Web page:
Excuse me for the length of this post, and excuse me for gushing a little too much, but as the September Festival in St Ives, Cornwall is getting underway, it's got me thinking about a post I wrote this time last year when I still blogged under Pink Cupcakes, about a talk I attended about writing and Zennor, so, while I'm waiting to sit in on a few talks from this years' festival, I thought I'd re-write the "Zennor Heights" post to see what you think.
I am inspired.
I'm lucky enough to be in St Ives for the September Festival, so with notepad and pen I braved the crowds to get to the Arts Club for 1pm.
I spotted this talk by local author Michael Bird weeks ago, ("Anyone For Zennor? - Experiments in art and life on the Penwith moors"), and since it featured the word "Zennor", I was happy to part with £5 (towards the Smart Regeneration Project to restore the Porthmeor Studios) to hear if Mr Bird could help me understand why Zennor continues to feature heavily in my recent work.
I was a little early so I sat on Westcott's Quay to see if I could spot anyone who looked remotely like they would attend a talk about Zennor. When I bought my ticket back in August, Big Fella ribbed me to despair about how I'd be the only one there, so when I handed over my ticket and heard the conversation in front of me, I smiled as the lady declared the event "sold out" - it seems I'm not the only "Zennorphile".
With a W.I feel, the audience sat poised with pen and notepads, me included. I felt as though I'd entered another atmosphere; the wind rattled the 1890 windows, and waves crashed outside as High Tide subsided. Michael Bird (writer and art historian), adjusted his slide show and I sat in apprehension on a rather uncomfortable, but bohemian wooden bench with a tapestry cushion.
So, what did entice D.H. Lawrence, Patrick Heron, Bryan Wynters, W.S Graham amongst many others to Zennor? Educated in Oxford, Michael Bird is far more sophisticated and literary than me, so I'm relaying my understanding as I heard it, and that is - for a simple life; an escape/retreat from Post war Britain and literary London to experience freedom and creativity with fellow writers and artists. I loved the way Bird described the creative relationship between Roger Hilton and Sidney Graham as "drink and arguements". His slide show indulging the intrigued audience an insight into what this "hub" of ideas would have looked like as Bryan Wynters and Co. are pictured sitting around a kitchen table talking into the early hours - bottles of drink, cigarettes and papers sprawled everywhere. Bird described this as a "unique moment"- the idea gives me butterflies.
I have to admit, I had no idea quite so many City writers and artists had a spell in Zennor. I knew D. H. Lawrence (who ironically left London for a while after his novel "The Rainbow" was burned in despair after a little known thing called "sex" featured in it), lived in Tregarthen Cottages with his German wife Freda, but didn't know Heron (Eagles Nest) or Wynters (Carn Cottage) also had . Of course I was aware of these artists' association with Penwith, most famously St Ives, but had no idea they had lived in Zennor.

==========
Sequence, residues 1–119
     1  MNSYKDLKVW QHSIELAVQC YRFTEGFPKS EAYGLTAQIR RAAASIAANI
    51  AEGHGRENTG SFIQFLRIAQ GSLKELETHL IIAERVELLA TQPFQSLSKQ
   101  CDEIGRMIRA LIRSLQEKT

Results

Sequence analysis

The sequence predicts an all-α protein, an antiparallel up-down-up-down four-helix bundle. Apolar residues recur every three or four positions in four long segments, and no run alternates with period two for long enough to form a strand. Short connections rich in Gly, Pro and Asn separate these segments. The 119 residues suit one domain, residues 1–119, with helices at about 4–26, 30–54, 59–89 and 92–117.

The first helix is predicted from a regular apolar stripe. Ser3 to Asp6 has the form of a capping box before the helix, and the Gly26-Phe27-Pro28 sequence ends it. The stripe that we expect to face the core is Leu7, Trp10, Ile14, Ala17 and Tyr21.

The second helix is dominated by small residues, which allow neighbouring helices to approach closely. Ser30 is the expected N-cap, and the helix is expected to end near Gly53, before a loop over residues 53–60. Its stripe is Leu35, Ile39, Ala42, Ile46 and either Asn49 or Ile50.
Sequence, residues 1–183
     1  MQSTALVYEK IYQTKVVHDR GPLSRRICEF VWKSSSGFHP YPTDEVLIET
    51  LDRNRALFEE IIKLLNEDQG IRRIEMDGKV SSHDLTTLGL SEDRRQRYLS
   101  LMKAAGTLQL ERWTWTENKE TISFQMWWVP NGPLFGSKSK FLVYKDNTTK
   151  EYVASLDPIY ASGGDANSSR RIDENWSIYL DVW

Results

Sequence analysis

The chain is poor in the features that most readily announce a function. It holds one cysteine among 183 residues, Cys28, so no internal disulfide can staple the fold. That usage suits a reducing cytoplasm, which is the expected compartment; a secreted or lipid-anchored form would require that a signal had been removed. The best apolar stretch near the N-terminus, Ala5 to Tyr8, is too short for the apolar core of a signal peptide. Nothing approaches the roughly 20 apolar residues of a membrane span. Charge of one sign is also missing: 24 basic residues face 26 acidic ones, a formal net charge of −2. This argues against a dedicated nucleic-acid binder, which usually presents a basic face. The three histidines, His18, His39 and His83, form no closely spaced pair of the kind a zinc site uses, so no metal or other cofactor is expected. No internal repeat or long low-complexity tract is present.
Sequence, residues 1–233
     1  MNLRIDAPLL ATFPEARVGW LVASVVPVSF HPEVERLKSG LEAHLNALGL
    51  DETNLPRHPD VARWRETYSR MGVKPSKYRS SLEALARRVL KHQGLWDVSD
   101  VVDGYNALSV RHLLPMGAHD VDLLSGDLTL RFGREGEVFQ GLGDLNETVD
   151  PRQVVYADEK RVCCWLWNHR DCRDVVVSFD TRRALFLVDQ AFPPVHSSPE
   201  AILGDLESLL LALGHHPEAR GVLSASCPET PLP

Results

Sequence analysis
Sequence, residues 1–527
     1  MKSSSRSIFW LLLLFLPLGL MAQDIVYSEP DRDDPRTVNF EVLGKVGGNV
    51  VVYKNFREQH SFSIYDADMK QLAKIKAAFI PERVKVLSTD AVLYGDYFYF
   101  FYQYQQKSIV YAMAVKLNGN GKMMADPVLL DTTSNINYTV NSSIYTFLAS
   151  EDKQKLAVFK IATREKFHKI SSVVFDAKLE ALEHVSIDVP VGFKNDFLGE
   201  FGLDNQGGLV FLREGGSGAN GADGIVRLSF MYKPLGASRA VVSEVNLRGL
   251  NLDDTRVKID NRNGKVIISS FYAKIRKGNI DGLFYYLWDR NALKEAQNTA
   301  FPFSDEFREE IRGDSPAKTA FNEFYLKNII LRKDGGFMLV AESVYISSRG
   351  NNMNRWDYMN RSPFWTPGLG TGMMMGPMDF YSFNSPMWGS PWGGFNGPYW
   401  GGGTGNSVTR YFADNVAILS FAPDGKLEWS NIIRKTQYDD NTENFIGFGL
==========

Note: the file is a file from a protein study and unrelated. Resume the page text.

Interestingly, Bird talked about how each artist or writer perceived Zennor. Lawrence aspired to the freedom it gave him, resulting in Cornwall featuring heavily in many of his works, whilst artist Peter Lanyon saw it for it's Tin mining. Heron painted with light and colour, whilst poet John Heath Stubbs rebuffed it's romanticism.
Which brings me to my own work.
Despite having regularly visited St Ives for the past 6 years, I am ashamed to admit my first outing to Zennor was Boxing Day last year. We were staying in St Ives for Christmas and fancied doing something different. I'd read about Zennor, and D. H. Lawrence's connection and the popular legend of the Mermaid, and being someone fascinated by mermaids it was a done deal, what I didn't expect was to fall in love.
Since then I have fantisised about making a life with my family in Zennor; about a cottage overlooking the sea, a kettle boiling on the Aga, chickens in the garden, but the inspiration I get from this tiny village is beyond superficial. I have just penned a novel provisionally titled "The Poet"*, a huge chunk set in Zennor - not because it fulfils a fantasy, but because it provides a powerful and handsome back drop for the kind of love stories I write, it's like my Wuthering Heights I suppose.
But why do I love Zennor?
From a cliche point of view I have to say it's the rugged coast line, granite cottages and quaint village pub with open fires, but Michael Bird got me thinking today about how my life experiences affect how I see Zennor. Like Lawrence, it projects freedom, and like Heron I see brilliance and colour. On a recent trip with friends, one commented on my gushing saying, "I imagine in the winter it's very bleak" - but I absolutely don't see the moors like that, but obviously she did; experiences you see, Bird is right.
Anyhow, I am confident Zennor will continue to feature in my work. It offers so much of what I enjoy writing about - the elements, creativity, history, a Mermaid, the ocean, enchanting views and open space - an infalliable surrounding for lovers.
Anyone for Zennor? Yes thank you.
*The Poet was written in Autumn 2009 - may or may not be put forward for publication.